CAIRO — A class-action lawsuit was filed in federal court Tuesday on behalf of current and former Alexander County Housing Authority residents to remedy allegations of “rampant” discrimination based on race and family status and rent overcharges.
The lawsuit was filed in U.S. District Court for the Southern District of Illinois, in East St. Louis.
The lawsuit names as defendants the ACHA and four past executive directors: James Wilson, Martha Franklin, Tom Upchurch and Joann Pink.
Of the four, Wilson, also a former mayor in Cairo, had the longest tenure, from 1989 to 2013. He continued to work for the ACHA on a part-time consultant basis from 2013 to 2015, and returned to work as executive director for an 11-day period in 2015, according to the lawsuit.
A call to Wilson’s cellphone by the newspaper was not returned. Wilson has declined to comment since August, when The Southern Illinoisan began an investigative series about allegations of mismanagement and misspending of money on employee benefits intended for the upkeep of complexes as living conditions fell into extreme disrepair. Other defendants either couldn’t be reached, or declined immediate comment without time to review the lawsuit.
The ACHA has been under federal administrative receivership by the U.S. Department of Housing and Urban Development since Feb. 22. Under federal statute, when there has been a federal takeover of a housing authority, liability remains with the public housing agency. A HUD spokeswoman said the agency does not provide comment on pending litigation. HUD was not specifically named as a defendant in the lawsuit.
Seven ACHA residents of McBride and Elmwood apartments are named as plaintiffs. They are represented by Christopher Wilmes, of the law firm Hughes, Socol, Piers, Resnick & Dym. Ltd., and Katherine Walz, of the Sargent Shriver National Center on Poverty Law, both of Chicago. Wilmes specializes in employment and civil rights cases, according to his biography. The presiding judge will make a determination on the class-action status of the lawsuit, which states each subclass within — those alleging race and family status discrimination and rent overcharge — is comprised of more than 1,000 past and current residents.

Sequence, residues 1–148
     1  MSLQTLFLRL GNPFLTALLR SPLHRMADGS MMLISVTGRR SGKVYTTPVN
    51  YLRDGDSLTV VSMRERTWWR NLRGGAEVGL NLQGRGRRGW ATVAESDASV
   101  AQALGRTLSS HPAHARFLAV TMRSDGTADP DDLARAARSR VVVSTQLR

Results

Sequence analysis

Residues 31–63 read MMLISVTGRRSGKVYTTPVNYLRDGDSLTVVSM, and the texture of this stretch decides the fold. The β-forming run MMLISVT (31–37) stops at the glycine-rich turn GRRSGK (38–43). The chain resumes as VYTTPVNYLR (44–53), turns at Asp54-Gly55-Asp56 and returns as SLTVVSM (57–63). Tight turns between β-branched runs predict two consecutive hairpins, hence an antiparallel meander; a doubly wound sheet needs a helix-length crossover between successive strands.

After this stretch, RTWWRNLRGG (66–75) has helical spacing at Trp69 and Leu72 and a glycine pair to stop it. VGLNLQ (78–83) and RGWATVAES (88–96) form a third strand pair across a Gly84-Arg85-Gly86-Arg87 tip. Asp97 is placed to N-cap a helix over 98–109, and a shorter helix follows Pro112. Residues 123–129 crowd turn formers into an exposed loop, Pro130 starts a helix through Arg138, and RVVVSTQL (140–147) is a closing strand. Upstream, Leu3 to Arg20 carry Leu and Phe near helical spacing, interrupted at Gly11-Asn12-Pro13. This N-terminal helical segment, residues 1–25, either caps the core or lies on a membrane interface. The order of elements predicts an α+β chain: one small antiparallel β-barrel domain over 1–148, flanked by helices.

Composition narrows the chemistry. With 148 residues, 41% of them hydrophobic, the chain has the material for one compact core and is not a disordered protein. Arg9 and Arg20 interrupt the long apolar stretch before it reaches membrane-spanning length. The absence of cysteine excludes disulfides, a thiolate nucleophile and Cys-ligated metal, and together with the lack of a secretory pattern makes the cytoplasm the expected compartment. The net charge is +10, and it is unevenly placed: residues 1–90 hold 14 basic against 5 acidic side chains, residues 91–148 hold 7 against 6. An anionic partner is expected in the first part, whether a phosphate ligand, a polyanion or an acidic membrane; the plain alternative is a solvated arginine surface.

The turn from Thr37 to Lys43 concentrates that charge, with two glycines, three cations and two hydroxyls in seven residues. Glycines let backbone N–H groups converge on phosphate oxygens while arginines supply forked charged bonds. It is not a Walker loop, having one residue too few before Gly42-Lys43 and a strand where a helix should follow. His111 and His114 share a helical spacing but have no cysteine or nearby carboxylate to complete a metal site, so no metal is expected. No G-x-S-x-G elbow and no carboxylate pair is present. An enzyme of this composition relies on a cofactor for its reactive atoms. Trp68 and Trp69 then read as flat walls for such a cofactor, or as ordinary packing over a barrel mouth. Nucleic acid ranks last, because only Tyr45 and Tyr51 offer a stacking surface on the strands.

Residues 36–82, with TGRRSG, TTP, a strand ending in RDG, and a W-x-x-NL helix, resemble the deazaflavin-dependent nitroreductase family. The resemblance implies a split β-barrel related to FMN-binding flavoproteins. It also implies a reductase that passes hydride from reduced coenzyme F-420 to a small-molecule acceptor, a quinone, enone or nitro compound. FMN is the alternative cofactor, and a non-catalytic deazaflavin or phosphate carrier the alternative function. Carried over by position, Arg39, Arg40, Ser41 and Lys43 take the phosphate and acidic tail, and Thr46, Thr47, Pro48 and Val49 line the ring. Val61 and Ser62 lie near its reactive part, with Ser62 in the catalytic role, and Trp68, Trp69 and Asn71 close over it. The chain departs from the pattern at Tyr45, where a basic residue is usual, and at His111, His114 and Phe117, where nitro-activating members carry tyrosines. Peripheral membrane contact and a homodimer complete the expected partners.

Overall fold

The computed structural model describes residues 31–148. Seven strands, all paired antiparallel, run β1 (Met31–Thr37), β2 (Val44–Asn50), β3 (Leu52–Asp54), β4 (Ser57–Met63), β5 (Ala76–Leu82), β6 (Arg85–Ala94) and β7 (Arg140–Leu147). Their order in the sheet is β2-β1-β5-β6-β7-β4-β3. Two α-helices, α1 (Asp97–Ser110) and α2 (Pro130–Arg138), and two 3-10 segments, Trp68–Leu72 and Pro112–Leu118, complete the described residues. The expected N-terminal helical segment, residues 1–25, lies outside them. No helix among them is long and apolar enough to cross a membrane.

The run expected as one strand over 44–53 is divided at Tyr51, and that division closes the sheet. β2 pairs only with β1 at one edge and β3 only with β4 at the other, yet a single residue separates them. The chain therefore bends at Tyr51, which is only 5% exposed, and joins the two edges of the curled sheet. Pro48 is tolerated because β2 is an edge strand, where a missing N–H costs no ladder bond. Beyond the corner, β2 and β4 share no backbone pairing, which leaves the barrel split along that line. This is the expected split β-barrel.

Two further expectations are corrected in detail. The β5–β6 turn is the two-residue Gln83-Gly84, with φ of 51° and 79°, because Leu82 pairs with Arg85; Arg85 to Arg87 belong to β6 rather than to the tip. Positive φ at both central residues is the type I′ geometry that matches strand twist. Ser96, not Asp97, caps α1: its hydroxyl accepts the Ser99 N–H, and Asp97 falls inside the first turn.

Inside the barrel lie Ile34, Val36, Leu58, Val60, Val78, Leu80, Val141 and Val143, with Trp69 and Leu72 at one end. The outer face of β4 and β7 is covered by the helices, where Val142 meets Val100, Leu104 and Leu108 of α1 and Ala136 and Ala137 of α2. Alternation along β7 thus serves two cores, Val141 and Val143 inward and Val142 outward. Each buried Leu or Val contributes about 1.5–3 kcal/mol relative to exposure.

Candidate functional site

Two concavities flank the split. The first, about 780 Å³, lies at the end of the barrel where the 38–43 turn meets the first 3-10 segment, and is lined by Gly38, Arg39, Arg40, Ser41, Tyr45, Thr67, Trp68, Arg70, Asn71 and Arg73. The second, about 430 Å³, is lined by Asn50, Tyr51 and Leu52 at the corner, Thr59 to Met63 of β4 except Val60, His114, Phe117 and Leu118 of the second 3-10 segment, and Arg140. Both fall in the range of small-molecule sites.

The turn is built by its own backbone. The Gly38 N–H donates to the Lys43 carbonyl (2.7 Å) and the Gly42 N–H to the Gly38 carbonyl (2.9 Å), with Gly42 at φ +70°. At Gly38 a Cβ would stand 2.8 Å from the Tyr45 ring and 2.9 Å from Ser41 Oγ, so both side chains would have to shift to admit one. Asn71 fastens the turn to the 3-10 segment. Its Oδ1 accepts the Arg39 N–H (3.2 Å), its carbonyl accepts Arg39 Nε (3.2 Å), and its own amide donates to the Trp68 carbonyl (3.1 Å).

The Sargent Shriver center, according to its website, has a 40-year history of working to improve lives through the development of programs and policies that advance justice and opportunity. Walz, as the center’s director of housing justice, advocates on behalf of low-income individuals living in or in need of public, subsidized or affordable housing.
On the rent overcharge claim, the lawsuit states that plaintiffs were charged $100-$200 more than they should have been on average. For example, the lawsuit claims that plaintiff Mary Holder, a 68-year-old African-American woman at McBride, should have been paying $130 in income-based monthly rent, rather than the $234 she has been paying. Holder also said she was inappropriately charged in the past for a shoddy repair of her sink.
“I would like to get some of my money back that they spent,” Holder said Tuesday.
The lawsuit alleges that the ACHA has “engaged in a pattern and practice of segregation at its public housing developments by race, even though the U.S. Department of Justice previously found that it engaged in the same conduct more than 40 years ago.” In 1974, the ACHA settled a lawsuit brought by the Justice Department, with the ACHA agreeing to no longer segregate housing on the basis of race.
While claiming discriminatory practices persisted, the lawsuit also alleges the ACHA has engaged in “a pattern and practice” of not maintaining the Elmwood and McBride apartments that are almost exclusively occupied by African-American tenants. They are infested with mice, roaches and bedbugs, and have many structural, and health and safety deficiencies, including mold and insufficient electrical and plumbing systems, and crime is a serious issue. Yet, for years, Elmwood and McBride residents have made requests for repairs that were either ignored or repaired in a substandard manner, and crime concerns were not adequately addressed, the lawsuit alleges.
CAIRO — Officials from the U.S. Department of Housing and Urban Development said it appears …